Mark Tooley

Mark Tooley is president of the Institute on Religion and Democracy and the author of Taking Back the United Methodist Church.

Latest by Mark Tooley in Chronicles

Results: 24 Articles found.
  • Out With the Old

    The 1.67 million member Presbyterian Church (USA) has voted to redefine marriage from “between a woman and a man” to “between two people, traditionally a man and a woman.”

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  • Fighting for Orthodoxy Among the Methodists
    December 2009

    Fighting for Orthodoxy Among the Methodists

    The Episcopal Church, with two million members, drove off the cliff in 2003 by electing its first openly homosexual bishop. In 2005, the United Church of Christ (1.1 million members) officially endorsed same-sex “marriage,” though the UCC had already long been ordaining active homosexuals.

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  • May 2008

    The Bishops’ Tale

    Last December, Anglican Archbishop Rowan Williams was roundly criticized for publicly denying the Christmas story. “Archbishop Says Nativity a Legend,” the Daily Telegraph headline screamed, igniting a transatlantic controversy over the ostensibly Grinch-like prelate.

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  • The Bombast and Glory of William Jennings Bryan
    October 2007

    The Bombast and Glory of William Jennings Bryan

    For three decades, William Jennings Bryan streaked across the sky of American politics, his brightness never fading despite countless failures. Renowned for his zealous Christian faith, he appropriately expired immediately after his final and most glorious defeat, at the Scopes Monkey Trial in 1925.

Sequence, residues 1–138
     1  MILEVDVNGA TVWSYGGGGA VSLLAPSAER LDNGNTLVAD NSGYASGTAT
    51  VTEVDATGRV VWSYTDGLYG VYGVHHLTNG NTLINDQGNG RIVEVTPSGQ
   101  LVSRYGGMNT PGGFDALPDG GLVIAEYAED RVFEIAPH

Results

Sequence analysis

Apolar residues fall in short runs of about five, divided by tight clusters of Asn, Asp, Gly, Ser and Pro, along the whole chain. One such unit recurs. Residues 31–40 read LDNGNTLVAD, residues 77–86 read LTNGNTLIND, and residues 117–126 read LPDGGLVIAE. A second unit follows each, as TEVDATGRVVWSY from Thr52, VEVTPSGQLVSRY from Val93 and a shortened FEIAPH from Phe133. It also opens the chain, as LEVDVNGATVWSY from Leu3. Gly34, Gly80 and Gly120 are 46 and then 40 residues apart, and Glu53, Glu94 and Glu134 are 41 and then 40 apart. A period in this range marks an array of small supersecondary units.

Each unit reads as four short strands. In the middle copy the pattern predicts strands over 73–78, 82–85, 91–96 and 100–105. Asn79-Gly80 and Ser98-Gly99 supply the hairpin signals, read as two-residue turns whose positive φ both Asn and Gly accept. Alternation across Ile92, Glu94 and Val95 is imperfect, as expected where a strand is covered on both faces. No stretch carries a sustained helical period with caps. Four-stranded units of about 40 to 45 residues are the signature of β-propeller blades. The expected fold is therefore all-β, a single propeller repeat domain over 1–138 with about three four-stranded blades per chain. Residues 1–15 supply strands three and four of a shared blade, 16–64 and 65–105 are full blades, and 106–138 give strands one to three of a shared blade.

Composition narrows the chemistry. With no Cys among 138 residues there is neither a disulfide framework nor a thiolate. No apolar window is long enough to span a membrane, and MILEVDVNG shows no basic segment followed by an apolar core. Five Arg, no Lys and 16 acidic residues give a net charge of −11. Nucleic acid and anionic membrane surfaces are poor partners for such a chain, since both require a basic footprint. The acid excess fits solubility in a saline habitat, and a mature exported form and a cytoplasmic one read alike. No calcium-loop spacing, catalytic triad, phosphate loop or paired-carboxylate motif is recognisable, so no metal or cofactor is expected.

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  • Mysteries of the Mockingbird
    May 2007

    Mysteries of the Mockingbird

    Harper Lee’s novel To Kill a Mockingbird has sold over 30 million copies since its publication in 1960. Hardly a high-school student in America over the last 40 years has graduated without having read the 1930’s-era drama of a small-town Southern lawyer who defends an innocent black man accused of rape by a white woman.

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  • April 2006

    Methodists and Sex

    The United Methodist Church, having declined from 11 to 8 million members in the United States, spent millions on a television and newspaper ad campaign called “Open Hearts, Open Minds, Open Doors.”

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  • October 2005

    Episcopalians Go Interfaith

    An interfaith education conference in Washington, D.C., sponsored by the Episcopal Church warned that evangelicals and evangelism are potential obstacles to positive relations between Christianity and other religions.

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  • May 2005

    SpongeBob and a Transgendered Sock Puppet

    Cultural debate over sex roles has reached such a fever pitch that even the sexual preference of the children’s cartoon character SpongeBob Squarepants has become a topic of great concern.

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  • September 2004

    Omnigendered Christianity

    By some measures, the influence of feminist theology peaked in the 1990’s. It is still around, however, acting as a supporting pillar for liberal religion’s latest preoccupation: the elimination of “gender.”

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  • July 2004

    Mushy Ecclesial Thinking